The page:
Congratuations, Karen Uhlenbeck, recipient of the Abel Prize 2019! #AbelPrizepic.twitter.com/lcO3FBSKdB— The Abel Prize (@abel_prize) March 19, 2019
Pythagoras, Euclid, Guillaume L’Hôpital, Johann Bernoulli, John Nash. History is littered with the names of famous mathematicians, nearly all of them men, after whom formulas and entire fields of math have been named.
But Karen Uhlenbeck, a mathematician, has proven that when it comes to math, women are absolute equals — and she didn’t even need theorems to do it.
The University of Texas professor became the first woman to win the Abel Prize, considered the “Nobel Prize of Math,” on Tuesday.
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Uhlenbeck’s decades of work have touched on several disciplines, including geometry, quantum theory, and physics, but is being recognized, in particular, for her “pioneering achievements in geometric partial differential equations, gauge theory and integrable systems, and for the fundamental impact of her work on analysis, geometry and mathematical physics,” according to the prize’s website.
Congratulations to my dear friend and long-term @the_IAS visitor Karen Uhlenbeck, 2019 #AbelPrize laureate. Fantastic mathematician, role model, and honorary physicist—her work on moduli spaces is crucial for understanding modern gauge theories. pic.twitter.com/gAwyTIsWZt— Robbert Dijkgraaf (@RHDijkgraaf) March 19, 2019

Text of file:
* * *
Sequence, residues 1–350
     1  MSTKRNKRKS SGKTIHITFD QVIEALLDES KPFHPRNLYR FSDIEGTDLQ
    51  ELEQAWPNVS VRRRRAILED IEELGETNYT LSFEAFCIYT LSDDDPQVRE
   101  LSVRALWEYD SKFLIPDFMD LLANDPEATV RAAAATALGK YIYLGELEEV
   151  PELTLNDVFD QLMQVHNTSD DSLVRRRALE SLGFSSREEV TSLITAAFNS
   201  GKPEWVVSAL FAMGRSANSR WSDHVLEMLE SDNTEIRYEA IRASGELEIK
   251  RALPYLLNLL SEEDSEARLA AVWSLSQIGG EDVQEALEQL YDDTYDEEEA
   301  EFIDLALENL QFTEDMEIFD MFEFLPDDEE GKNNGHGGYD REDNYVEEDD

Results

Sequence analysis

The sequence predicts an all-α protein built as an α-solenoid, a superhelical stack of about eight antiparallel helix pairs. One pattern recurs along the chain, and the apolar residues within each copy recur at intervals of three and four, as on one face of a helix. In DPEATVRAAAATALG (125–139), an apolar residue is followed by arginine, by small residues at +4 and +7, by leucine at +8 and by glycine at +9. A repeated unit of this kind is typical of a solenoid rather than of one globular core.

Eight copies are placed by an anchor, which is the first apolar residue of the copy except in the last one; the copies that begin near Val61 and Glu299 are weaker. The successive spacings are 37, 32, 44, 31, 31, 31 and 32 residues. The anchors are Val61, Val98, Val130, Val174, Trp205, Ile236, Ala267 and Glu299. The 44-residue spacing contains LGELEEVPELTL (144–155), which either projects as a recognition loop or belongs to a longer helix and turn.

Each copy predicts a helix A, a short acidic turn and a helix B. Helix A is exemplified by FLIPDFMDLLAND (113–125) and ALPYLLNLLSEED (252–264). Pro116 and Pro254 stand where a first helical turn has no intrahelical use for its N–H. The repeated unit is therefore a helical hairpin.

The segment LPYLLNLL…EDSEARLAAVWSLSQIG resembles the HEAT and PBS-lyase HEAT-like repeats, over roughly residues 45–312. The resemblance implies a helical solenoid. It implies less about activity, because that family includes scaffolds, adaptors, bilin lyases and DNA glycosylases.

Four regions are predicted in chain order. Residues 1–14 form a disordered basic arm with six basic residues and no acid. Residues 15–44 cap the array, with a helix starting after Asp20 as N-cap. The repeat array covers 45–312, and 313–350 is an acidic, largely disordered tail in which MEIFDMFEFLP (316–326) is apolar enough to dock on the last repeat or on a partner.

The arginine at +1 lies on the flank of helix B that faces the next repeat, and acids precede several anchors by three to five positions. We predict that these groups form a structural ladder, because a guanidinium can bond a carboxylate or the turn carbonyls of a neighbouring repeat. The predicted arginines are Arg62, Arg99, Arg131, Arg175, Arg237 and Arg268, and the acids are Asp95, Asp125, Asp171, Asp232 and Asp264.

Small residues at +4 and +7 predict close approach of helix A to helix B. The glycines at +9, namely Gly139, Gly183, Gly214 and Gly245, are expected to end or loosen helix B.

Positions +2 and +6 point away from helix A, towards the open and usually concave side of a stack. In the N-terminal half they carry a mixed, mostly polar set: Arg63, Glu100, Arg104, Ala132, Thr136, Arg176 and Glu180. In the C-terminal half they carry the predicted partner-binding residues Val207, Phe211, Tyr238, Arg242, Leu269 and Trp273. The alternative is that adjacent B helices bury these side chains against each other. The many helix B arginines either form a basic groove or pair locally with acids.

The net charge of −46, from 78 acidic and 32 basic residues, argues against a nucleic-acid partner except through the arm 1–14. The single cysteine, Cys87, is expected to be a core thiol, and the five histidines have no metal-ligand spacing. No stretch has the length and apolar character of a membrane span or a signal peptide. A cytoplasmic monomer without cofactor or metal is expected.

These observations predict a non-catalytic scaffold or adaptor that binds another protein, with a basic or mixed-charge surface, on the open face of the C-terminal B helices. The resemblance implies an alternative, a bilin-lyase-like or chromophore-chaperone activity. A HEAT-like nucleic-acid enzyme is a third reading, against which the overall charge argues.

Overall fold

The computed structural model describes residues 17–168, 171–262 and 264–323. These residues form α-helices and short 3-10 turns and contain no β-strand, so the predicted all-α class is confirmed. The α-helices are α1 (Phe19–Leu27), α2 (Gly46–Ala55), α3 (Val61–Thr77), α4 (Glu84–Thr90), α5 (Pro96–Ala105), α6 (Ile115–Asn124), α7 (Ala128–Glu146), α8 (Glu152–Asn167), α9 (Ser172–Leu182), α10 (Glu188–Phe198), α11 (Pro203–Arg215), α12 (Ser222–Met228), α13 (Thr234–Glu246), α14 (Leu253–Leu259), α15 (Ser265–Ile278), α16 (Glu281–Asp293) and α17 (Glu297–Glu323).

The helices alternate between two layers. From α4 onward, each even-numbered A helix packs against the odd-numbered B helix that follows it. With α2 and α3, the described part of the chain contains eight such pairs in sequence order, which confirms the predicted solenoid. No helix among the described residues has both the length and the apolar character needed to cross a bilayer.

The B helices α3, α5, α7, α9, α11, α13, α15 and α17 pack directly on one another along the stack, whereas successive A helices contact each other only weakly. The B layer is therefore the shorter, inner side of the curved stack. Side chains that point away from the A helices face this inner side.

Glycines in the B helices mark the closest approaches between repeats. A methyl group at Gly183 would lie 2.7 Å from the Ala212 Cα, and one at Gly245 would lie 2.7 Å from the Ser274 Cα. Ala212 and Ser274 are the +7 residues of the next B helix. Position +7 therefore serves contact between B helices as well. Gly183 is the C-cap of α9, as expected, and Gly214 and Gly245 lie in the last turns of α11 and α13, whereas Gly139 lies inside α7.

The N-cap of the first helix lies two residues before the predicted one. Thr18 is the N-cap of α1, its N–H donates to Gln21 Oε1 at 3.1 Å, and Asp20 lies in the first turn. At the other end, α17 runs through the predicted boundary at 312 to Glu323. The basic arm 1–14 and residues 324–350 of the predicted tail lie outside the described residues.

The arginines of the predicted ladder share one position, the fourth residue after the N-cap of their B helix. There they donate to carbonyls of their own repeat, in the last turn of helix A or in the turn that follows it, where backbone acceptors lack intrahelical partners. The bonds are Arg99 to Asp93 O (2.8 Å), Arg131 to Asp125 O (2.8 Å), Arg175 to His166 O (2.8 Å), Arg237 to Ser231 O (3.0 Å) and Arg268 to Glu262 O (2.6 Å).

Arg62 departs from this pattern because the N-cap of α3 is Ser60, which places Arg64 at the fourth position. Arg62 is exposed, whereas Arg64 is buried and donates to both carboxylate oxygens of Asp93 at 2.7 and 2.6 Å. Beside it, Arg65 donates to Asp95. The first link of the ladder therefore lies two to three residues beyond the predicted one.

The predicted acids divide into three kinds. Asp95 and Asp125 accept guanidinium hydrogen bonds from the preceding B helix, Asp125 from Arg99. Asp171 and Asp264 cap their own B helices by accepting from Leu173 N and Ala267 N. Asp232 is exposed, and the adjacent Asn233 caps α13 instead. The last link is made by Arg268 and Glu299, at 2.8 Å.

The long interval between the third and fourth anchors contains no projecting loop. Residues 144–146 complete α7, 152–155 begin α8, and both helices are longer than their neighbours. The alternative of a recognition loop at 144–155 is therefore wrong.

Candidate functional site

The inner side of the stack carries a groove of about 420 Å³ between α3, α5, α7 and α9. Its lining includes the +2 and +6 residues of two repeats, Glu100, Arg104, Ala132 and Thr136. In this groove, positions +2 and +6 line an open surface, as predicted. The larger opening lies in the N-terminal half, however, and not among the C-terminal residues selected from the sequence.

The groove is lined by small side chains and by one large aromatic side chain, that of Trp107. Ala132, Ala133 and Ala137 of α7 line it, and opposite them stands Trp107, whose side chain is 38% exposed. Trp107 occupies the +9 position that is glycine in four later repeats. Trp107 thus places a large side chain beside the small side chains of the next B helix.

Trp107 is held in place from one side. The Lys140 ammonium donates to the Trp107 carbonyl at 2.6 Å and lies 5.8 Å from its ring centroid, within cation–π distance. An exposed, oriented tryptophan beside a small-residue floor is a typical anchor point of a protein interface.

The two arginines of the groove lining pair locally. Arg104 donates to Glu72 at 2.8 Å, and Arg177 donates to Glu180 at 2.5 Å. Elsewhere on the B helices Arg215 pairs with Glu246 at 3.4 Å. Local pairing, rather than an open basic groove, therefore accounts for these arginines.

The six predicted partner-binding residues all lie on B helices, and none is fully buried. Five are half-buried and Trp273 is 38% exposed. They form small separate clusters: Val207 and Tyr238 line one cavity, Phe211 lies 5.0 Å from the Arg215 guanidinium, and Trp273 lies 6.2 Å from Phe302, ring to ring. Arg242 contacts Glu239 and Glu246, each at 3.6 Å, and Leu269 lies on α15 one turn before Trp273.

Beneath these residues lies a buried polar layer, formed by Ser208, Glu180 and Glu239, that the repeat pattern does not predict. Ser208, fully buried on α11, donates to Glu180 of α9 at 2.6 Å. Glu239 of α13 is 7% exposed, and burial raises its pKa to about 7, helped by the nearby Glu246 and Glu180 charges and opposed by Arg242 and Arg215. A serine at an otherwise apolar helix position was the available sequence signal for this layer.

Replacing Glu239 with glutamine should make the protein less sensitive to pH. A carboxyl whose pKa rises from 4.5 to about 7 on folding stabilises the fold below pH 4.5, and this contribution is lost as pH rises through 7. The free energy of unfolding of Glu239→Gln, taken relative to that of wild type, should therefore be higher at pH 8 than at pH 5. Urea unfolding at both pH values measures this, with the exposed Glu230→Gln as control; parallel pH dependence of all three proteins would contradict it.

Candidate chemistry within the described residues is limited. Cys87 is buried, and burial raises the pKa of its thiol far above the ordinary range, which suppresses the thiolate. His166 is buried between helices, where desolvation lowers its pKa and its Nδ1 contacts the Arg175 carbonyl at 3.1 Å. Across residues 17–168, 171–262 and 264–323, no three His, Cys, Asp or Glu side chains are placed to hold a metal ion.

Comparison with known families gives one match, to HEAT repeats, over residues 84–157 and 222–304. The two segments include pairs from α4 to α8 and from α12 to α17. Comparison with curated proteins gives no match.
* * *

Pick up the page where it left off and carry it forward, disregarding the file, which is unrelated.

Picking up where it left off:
The Abel Prize, first awarded in 2003, is bestowed by the King of Norway and comes with a 6 million Norwegian kroner (approximately $700,000) cash prize.
Uhlenbeck is a celebrated mathematician, having previously won the National Medal of Science in 2000 and receiving a MacArthur Fellowship — also known as a “genius grant” — in 1983.
“Uhlenbeck’s research has led to revolutionary advances at the intersection of mathematics and physics,” Paul Goldbart, dean of the University of Texas’ College of Natural Sciences, said in a statement.
“Her pioneering insights have applications across a range of fascinating subjects, from string theory, which may help explain the nature of reality, to the geometry of space-time,” he added.
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Uhlenbeck told the New York Times that she has been acutely aware of the unique opportunity she had to be a role model for the next generation of women in academia. Growing up, she said her own role model was famed chef and television personality, Julia Child.
“I certainly very much felt I was a woman throughout my career. That is, I never felt like one of the guys,” she said.
Still she considers herself lucky, telling the Times, “I was in the forefront of a generation of women who actually could get real jobs in academia.”
Karen Uhlenbeck becomes the first woman to win the Abel Prize, math’s lifetime achievement award. Love the kicker quote in @EricaKlarreich’s great profile: In math, “I have been saved from boredom, dourness, and self-absorption. One cannot ask for more.” https://t.co/heoYr2xSuZ— Natalie Wolchover (@nattyover) March 19, 2019
But almost as important as her contributions to her field, are Uhlenbeck’s contributions to the next generation of women. Trailblazers like Uhlenbeck help show women and girls around the world that science, technology, engineering, and math (STEM) fields, which have traditionally been male-dominated, do not need to remain so.
Her historic win is not only helping to advance the field of mathematics, but shattering gender stereotypes.